HomeOpinion & AnalysisBad-mouthing Zim doing us no good

Bad-mouthing Zim doing us no good

By Msekiwa Makwanya

THE challenges in Zimbabwe have been so tremendous that some “weak-willed” and unprincipled have started to reject their identity as Zimbabweans.



ana, Arial, Helvetica, sans-serif”>It is not unusual to find Zimbabweans in the diaspora who now claim to be South Africans, for example. There are also those of us who never miss the opportunity to denigrate everything Zimbabwean.


The most hopeless of Zimbabweans are those who have ignored the resilience of the majority of Zimbabweans and those who claim they will never return to Zimbabwe. Resilience is not a weakness, it is strength.


People have their choices and Zimbabwe does not need those who are not ready for its challenges.


Meaningless and ill-advised stayaways like the one that has just failed simply feed into the negativity and pessimism that afflict some people already.


Some people in the diaspora have expressed the view that Zimbabweans are docile and that they analyse so much that they cannot even act in the end.


Dr Martin Luther King Jr called this the “paralysis of analysis”. It is better to have people who analyse too much and act less than those who do not analyse enough and act too much.


It is equally important for people to take action that they feel inspired to take. For anyone to expect Zimbabweans to engage in endless stayaways without a result is to take them for granted.


Questions have been asked about the nature of leadership of the Broad Alliance over the failed stayaway on June 9 and 10.


NCA chairman Dr Lovemore Madhuku, opposition leader Morgan Tsvangirai and other people have issued press statements urging people to make a statement against the government-led “Operation Restore Order/Murambatsvina”.


The media has captured some very sad stories of the affected people and the pictures spoke louder than the stayaway. For anyone to expect these people to organise and rise against the government is to miss the basic point: “You do not fight from a point of weakness”.


When children have no food and no shelter in this winter, a reasonable parent cannot start action that would attract the ruthless machinery of the state. Even if you have shelter and food, it would be very dangerous to start jambanja (mass action) when other people have nowhere to hide or to put their property.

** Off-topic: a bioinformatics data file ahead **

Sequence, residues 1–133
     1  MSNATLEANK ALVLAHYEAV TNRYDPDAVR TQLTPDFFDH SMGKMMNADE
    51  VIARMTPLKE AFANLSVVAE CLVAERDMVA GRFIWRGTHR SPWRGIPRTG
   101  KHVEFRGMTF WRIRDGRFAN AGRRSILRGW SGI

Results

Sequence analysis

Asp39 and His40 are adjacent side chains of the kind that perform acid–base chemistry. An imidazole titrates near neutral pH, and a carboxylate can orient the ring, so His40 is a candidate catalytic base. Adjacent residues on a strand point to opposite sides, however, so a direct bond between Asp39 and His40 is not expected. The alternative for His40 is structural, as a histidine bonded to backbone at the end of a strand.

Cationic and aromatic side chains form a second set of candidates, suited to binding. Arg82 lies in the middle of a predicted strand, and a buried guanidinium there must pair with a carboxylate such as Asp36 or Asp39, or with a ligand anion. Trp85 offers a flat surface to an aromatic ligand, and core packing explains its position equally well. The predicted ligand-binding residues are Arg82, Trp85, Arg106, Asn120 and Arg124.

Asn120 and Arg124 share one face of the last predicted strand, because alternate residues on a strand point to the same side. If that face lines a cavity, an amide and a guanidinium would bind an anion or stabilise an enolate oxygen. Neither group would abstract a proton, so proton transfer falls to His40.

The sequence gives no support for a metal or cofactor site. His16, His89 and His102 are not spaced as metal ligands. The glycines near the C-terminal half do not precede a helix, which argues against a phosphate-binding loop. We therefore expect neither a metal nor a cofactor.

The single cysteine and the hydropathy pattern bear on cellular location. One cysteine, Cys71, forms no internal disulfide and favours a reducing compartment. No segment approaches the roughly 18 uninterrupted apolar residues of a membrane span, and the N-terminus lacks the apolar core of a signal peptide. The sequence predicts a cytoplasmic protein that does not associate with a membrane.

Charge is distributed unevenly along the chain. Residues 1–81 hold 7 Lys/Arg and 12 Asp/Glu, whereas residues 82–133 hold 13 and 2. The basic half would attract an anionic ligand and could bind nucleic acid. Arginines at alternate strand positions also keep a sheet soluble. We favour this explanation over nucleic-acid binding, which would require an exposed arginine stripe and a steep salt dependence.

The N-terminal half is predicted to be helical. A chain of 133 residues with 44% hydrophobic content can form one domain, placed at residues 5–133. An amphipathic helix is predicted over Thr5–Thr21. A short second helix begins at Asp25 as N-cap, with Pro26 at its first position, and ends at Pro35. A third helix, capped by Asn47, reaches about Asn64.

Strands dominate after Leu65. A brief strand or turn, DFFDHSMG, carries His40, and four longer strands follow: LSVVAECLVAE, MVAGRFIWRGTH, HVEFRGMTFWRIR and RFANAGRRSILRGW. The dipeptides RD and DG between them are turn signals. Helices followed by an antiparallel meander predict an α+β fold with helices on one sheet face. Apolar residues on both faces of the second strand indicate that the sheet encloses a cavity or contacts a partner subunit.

After the failure of the stayaway, some people have started calling Zimbabweans cowards, docile and hopeless. Part of the reason for such illusion has been created by press reports which have been portraying the economy as collapsing since 2003.


Some people then fail to understand how a collapsing economy can handle mass action. One of the reasons why some people vow not to return to Zimbabwe is because they think the economy has collapsed.


Whatever challenges our country is facing people should remain united. We should not be united against our own country. People have their priorities and mass action maybe in conflict with their priorities which have to be respected.


Zimbabwe is not like Somalia or Afghanistan yet some people talk about Zimbabwe as if it is the worst place on earth. We might have our differences but let us not take them too far and reject our identity.


Some people wonder why some governments are now returning failed asylum seekers to Zimbabwe. Part of the reason is that they no longer believe some of the stories about our country and are disgusted by our own attitude towards our country.


“If you hate your own country how much would you hate a foreign one?” they ask themselves.


Of course there are bad things going on in Zimbabwe but there are also some very good things going on as well which we should speak about too with pride.


It is in these strengths or positive things that we should put our hope and not negative issues. Let us build on our strengths while we confront our weaknesses. We should not get stuck in negativities.


The problem is that some speak so badly about Zimbabwe that you would think it is a speciality that they are paid for. Zimbabwe has not collapsed and those who love the country are happy to see Zimbabwe still going. How far will it go? No one has been able to answer this question.


*Msekiwa Makwanya is a social commentator based in England. Contact can be made through makwanya@yahoo.com.

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